Their Castilian Orphan, Excerpt by Anna Belfrage

It is 1294 and Eustace de Lamont is back in England after five years in exile. He will stop at nothing to ruin Robert FitzStephan and his wife, Noor d’Outremer.

Robert’s half brother, Eustace de Lamont, has not mellowed during his absence. He is more ruthless than ever, and this time he targets Robert’s and Noor’s foster son, Lionel.

Lionel is serving King Edward as a page when Eustace appears at court. Not only does Lionel become the horrified witness to Eustace’s violent streak, Eustace also starts voicing his suspicions about Lionel’s parentage. The truth about Lionel’s heritage is explosive—should King Edward find out, all would be lost for Robert and Noor.

In October of 1294, Wales rises in rebellion. Robert must leave his family unprotected to fight the Welsh rebels on the king’s behalf, comforted only by the fact that Eustace too is called to fight.

Except that Eustace has no intention of allowing his duty to his king—or a mere rebellion—come between him and his desire to destroy Robert FitzStephan . . .

In which Lionel encounters Eustace de Lamont whose comments about Lionel’s parentage stirs old memories to life

The midday meal had been an extended matter, the king surrounded by his closest counsellors. With so many men arriving to attend parliament, Lionel and his fellow pages scurried like mice in their efforts to ensure the highborn were offered hot water and towels and a constant supply of wine with their meal.

Lionel had just replenished the goblet of the Earl of Cornwall and was about to hasten out of the hall to find a new pitcher of wine when he crashed into the solid frame of a man.

“My apologies,” he said, backing away. “I was just . . .”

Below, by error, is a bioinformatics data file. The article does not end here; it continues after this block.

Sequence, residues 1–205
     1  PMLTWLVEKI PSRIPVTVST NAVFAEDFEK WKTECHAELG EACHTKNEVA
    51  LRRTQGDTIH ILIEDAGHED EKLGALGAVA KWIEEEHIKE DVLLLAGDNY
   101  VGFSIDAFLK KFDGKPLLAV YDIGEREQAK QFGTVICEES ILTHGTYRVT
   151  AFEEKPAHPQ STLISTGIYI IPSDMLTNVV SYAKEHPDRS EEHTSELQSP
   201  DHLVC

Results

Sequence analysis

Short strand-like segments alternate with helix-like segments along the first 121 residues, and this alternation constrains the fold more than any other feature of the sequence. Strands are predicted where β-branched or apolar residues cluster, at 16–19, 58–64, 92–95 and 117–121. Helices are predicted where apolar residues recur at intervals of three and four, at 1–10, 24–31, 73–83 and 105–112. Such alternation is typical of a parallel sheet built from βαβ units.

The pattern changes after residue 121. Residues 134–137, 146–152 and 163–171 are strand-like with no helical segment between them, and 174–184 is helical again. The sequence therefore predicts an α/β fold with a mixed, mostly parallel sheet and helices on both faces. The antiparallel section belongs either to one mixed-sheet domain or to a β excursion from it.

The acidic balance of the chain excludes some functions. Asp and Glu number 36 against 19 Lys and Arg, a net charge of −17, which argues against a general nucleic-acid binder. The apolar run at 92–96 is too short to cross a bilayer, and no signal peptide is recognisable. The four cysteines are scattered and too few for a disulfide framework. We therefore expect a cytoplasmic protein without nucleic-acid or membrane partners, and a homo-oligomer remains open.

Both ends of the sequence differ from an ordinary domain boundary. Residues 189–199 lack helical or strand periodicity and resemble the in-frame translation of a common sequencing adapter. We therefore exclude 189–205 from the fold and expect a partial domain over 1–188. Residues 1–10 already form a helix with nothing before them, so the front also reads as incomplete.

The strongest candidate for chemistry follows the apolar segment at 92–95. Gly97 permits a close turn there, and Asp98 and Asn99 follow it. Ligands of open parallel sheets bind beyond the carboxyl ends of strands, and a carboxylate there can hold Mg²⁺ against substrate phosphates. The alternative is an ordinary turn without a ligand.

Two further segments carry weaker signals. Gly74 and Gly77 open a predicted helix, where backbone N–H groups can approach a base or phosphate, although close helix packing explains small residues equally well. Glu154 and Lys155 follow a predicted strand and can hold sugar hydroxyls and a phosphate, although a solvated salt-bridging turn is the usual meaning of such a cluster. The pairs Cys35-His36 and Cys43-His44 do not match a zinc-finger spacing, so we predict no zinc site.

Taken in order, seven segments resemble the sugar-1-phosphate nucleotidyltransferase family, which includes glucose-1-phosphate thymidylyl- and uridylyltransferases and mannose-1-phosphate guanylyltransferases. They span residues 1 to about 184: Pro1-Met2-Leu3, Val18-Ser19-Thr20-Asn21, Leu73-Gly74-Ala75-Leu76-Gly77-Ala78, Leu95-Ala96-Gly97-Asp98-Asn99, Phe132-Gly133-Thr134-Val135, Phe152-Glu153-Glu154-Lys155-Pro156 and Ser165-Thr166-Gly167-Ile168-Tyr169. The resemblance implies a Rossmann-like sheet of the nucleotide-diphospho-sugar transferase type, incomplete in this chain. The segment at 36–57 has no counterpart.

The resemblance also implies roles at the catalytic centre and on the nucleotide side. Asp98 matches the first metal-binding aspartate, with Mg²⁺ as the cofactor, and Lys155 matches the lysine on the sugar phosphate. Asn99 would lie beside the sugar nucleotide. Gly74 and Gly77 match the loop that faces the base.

“Ah. FitzStephan’s Welsh foundling.”

Lionel peered up at Eustace de Lamont, his mind inundated with images of a small hand dangling from de Lamont’s fingers. A rush of bile filled his mouth. For an instant, he feared he would forever humiliate himself by voiding his guts in the king’s presence, but with an effort he drew himself up as tall as he could while taking a few shuffling steps backwards. He swallowed a couple of times in a futile attempt to rid his mouth of the bitter taste. “I am not Welsh,” he said. “I am from Castile, like our late queen was.”

De Lamont sneered. “You’re no more Castilian than I am. You’re a Welsh bastard whelp who should have been drowned at birth—as should your precious foster father.”

“De Lamont!” the king’s voice carried through the hall. “Come away from the lad. Now.”

De Lamont took a deep breath and somehow rearranged his contorted features into a bland mask before giving Lionel his back. “I was just—”

“Well, don’t! He is FitzStephan’s foster son, and if you as much as tweak his hair, I’ll have you punished. God knows Robert loves that lad as if he were his own.”

De Lamont spluttered. “Forgive me, my sire, but I cannot help but wonder what lies you’ve been told to have offered the little bastard a place at your court.”

“Lies?” the king asked in an icy voice.

“Aye, lies. That lad is Welsh, my liege. And yet he struts about boasting of a Castilian heritage.”

“Lionel never boasts,” the king said calmy, studying Lionel, as did all the people presently in the hall. He squirmed under the weight of their gazes.

“He’s as lowborn as his foster father and does not deserve to be at court!” Eustace exclaimed.

“Careful, man,” the king said. “Be very, very careful. After all, not a man here does not know how utterly you dishonoured yourself some years ago. You are here on sufferance, de Lamont. Best keep that in mind.”

“But it’s not right! They fed you a pack of lies,” Eustace said. He stabbed a finger at Lionel. “That lad is the same lad we saw as a babe in Orton Manor. I’d wager my life on it!”